Everyone has heard the cliche, “it’s not what you know, it’s who you know.” Although cliche, it is a cold hard fact. More positions are filled, from the local check-out girl at the supermarket, to cabinet positions appointed by the president. So if who you know is so important, then you realize how important networking is. Net working is the act of getting to know more and more people who are may be in a position to hire you, or know someone who is.
An important aspect of networking is to target the right group of people. If your forte is sales, then networking with the computer programmers in town probably won’t get you very far (although, it could). On the other hand, if you plan to be a computer programmer, you probably won’t find many networking leads at the golf course (although, you might).
At this point, it’s important to mention that you should really network everywhere you go, with every one you meet. You never know who will be the one who can help you the most. It sometimes occurs at the most unexpected places. One of my college buddies found his first job from a fellow he met while at his self-storage unit. An older man a couple of spaces down was having trouble getting something from the back of his unit, so my friend helped him out. They went to lunch afterwards, and the lunch turned into a job interview. He was eventually hired, and has become good friends with the man who hired him.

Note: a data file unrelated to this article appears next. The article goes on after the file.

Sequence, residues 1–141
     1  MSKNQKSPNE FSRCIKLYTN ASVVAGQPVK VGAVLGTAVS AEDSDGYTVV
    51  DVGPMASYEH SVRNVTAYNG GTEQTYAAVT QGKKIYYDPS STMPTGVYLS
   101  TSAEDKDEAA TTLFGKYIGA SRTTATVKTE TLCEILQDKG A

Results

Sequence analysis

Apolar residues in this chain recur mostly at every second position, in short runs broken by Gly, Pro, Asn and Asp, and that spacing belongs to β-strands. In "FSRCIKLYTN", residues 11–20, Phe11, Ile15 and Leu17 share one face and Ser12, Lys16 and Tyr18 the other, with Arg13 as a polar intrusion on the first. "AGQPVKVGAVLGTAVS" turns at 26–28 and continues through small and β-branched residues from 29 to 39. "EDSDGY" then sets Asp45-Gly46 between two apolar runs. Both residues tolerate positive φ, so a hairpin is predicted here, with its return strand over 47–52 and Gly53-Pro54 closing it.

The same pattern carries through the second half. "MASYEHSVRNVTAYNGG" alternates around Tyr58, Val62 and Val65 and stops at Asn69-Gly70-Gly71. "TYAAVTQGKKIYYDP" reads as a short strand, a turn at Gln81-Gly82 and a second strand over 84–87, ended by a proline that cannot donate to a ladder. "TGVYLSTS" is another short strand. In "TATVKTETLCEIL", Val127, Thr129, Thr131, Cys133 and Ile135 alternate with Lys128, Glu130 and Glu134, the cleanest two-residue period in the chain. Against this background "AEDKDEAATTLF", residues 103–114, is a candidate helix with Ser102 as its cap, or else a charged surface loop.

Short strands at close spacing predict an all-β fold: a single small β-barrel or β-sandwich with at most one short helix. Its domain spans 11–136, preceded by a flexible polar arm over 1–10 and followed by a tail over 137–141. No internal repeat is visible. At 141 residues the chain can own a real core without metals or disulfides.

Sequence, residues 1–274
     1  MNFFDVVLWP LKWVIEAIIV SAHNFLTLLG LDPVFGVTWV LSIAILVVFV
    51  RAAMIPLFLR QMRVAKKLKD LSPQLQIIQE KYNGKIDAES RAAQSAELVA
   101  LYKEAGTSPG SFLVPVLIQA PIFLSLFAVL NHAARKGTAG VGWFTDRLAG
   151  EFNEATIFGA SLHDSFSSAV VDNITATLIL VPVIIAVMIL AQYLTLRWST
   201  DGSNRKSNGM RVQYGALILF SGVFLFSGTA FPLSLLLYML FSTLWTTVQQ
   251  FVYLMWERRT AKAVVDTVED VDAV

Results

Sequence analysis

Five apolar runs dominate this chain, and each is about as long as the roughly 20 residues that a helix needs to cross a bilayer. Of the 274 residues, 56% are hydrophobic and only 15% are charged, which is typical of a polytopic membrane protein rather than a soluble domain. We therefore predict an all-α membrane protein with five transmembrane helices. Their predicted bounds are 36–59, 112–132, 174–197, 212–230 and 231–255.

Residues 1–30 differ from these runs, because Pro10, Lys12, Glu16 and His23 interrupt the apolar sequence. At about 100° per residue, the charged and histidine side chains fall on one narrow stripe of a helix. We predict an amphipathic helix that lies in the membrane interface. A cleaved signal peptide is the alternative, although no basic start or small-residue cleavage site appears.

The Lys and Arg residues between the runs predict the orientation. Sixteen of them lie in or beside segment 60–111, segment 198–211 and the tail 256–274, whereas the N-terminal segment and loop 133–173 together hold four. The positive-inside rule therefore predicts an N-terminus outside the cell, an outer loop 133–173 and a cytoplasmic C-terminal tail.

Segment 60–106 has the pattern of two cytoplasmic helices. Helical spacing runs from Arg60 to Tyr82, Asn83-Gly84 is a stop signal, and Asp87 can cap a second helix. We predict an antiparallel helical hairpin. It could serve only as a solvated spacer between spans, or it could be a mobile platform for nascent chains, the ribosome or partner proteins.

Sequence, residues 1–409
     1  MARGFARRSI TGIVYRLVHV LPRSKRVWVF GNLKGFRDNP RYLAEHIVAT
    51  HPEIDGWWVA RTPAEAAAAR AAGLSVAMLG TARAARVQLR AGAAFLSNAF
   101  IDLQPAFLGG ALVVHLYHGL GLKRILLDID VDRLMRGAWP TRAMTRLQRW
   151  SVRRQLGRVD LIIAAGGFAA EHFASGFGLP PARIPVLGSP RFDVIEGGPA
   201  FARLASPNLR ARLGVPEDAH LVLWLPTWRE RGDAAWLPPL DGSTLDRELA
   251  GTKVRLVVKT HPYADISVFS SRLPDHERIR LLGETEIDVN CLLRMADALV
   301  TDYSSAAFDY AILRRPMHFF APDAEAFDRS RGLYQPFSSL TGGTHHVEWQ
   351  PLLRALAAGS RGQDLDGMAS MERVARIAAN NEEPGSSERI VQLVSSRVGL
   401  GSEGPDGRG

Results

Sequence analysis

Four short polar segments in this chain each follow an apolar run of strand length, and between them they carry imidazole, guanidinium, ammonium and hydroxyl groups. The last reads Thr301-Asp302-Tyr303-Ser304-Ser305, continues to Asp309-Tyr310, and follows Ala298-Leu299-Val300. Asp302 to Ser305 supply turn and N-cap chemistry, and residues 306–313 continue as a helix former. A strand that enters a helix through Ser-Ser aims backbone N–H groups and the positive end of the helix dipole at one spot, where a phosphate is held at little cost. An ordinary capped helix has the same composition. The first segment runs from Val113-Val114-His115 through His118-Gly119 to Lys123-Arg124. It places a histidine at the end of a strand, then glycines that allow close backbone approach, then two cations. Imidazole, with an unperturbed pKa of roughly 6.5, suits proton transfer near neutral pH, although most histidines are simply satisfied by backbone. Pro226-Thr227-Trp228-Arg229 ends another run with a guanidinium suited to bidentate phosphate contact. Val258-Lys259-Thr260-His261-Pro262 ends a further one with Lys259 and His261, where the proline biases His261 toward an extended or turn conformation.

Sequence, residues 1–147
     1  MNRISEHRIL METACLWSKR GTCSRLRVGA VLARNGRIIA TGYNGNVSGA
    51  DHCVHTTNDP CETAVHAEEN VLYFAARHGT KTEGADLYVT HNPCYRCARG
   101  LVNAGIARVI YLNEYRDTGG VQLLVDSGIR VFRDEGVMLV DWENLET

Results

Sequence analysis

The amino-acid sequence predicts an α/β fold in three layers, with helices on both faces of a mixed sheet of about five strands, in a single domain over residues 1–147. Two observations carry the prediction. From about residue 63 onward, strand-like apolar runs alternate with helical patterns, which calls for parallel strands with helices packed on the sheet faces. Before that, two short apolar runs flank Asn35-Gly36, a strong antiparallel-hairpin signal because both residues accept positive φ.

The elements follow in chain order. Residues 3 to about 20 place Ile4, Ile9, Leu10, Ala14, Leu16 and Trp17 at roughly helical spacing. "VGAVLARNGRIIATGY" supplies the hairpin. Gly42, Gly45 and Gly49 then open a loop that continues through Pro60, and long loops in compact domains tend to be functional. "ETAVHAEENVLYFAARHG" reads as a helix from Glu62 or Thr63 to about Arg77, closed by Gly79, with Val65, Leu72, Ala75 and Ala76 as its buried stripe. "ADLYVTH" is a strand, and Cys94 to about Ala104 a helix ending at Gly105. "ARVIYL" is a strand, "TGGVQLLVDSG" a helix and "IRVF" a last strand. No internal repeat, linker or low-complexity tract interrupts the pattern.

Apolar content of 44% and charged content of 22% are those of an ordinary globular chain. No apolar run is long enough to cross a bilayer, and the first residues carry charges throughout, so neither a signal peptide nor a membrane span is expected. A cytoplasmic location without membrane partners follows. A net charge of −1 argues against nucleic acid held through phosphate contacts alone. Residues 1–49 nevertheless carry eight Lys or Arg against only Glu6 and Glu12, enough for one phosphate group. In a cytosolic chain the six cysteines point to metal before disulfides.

Another friend of mine, a mechanical engineering major, rarely studied. He spent much of his time at the golf course. We thought he was just goofing off. As it turns out, he was networking with the rich folks who frequent the golf course. He had already lined up a management position with a company whose CEO he met at the club, and had become golfing partners with. My friend’s ability to network so effectively put him far ahead of the other college students who were studying, fretting about finals, and pulling all-nighters, much less worrying about getting a job after college.
At any rate, your networking efforts should be directed at the places and people who are most likely able to help you. A future manager might fare well networking at a golf course. A computer programmer may fare better connecting with a local programmers’ meetup.